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Sunday, April 16, 2023

Comment of the Moment by Scotsman: Neil Young's Original Bootleg Series Release: ‘Somewhere Under The Rainbow”

 Under The Rainbow* - Nov 3*, 1973
Neil Young's Original Bootleg Series Release #6
Our Comment of the Moment is from Neil Young's Original Bootleg Series Releases: ‘Somewhere Under The Rainbow” & ‘High Flyin’ by the fearless and faithful Scotsman:

According to folklore, go to the end of the rainbow, and you’ll find a pot of gold.

The gold is imaginary, of course.

But that’s okay. Because life’s pleasures are all in the mind, anyway — one way or another.

I think that’s a particularly useful “lens” to look through when appreciating (not “enjoying”: that would be the wrong word) an album like Somewhere Under the Rainbow.

If you come looking for showroom sound-quality… you ain’t gonna find it. Disappointment looms. Instead, the best way to approach this album is the same way we should approach all audience-tapes — as a potent tonic (and *stimulant*) for our imaginations.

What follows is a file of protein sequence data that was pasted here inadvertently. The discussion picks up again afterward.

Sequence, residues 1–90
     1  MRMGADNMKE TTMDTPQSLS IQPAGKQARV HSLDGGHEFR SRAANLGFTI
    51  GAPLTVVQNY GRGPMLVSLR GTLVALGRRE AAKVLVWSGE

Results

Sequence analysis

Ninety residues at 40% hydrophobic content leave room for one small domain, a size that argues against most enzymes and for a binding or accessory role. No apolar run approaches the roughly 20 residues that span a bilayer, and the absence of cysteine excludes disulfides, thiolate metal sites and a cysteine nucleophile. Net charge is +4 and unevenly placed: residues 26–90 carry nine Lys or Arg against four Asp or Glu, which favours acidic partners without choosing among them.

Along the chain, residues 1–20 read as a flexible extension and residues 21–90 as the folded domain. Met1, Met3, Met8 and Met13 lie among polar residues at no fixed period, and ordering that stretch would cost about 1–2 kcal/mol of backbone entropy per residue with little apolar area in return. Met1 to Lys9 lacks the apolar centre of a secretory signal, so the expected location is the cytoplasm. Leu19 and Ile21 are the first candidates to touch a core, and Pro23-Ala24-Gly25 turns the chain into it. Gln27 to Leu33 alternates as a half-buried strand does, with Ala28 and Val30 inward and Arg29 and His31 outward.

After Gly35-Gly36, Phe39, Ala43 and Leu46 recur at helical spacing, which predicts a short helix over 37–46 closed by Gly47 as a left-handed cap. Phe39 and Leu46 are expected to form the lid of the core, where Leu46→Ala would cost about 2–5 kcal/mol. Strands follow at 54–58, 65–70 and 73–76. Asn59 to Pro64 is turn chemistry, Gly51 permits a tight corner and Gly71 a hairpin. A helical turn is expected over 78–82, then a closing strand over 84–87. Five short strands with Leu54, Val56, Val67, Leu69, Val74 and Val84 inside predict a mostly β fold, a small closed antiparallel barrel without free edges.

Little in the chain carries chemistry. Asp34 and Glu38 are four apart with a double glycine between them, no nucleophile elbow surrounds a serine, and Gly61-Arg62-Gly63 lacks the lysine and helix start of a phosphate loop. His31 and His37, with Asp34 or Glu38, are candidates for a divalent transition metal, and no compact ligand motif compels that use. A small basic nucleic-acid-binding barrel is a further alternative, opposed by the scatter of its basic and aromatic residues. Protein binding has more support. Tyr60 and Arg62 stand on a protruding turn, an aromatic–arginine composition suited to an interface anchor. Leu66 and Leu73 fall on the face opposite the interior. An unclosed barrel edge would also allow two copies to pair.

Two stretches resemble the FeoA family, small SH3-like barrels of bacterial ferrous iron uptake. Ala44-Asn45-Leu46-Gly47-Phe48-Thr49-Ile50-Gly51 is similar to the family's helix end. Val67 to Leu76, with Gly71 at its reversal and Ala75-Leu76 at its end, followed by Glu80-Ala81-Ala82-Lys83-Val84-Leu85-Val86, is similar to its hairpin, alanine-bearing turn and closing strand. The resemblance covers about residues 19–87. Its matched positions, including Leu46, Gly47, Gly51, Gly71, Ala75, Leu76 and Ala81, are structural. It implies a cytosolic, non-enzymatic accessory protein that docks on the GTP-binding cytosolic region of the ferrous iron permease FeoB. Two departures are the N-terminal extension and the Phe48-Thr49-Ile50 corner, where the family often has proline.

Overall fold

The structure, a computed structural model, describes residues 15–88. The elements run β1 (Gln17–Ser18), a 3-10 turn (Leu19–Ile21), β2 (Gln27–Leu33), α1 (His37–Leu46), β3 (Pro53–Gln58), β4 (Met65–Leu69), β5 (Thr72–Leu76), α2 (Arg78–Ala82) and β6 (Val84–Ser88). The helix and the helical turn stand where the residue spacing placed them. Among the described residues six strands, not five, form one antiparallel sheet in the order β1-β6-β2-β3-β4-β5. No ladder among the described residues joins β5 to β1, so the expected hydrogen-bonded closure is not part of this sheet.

Look for the “story” in the experience, and it no longer matters that the sound quality is decidedly rustic. In fact, in this particular instance, it may even be a good thing. Because the listener’s imagination has to work that bit harder. It has to actively dig in, get down in the trenches, instead of having the experience served up on a silver platter.

Enjoying an audience recording is not an effortless experience. It requires active *engagement*. And engagement is more important to enjoyment than sound quality.

Listening to this tape, our minds wander away to the Rainbow Theatre in London. It’s a drizzly evening—we imagine—in November 1973. Everything around us is in black-and-white, and our eyes are blurred — it’s as if we’ve mislaid our glasses, or contact lenses. Or perhaps we’ve just had too much to drink… just like the musicians on-stage.

Without being able to see clearly, we instead start to dream. The shackles of reality are tossed aside. We hear the sound of Ralph’s drums bouncing off the mahogany walls (I’m imagining they’re mahogany). Ben Keith’s steel guitar seems to bathe us in tequila at the same time it stabs us in the gut.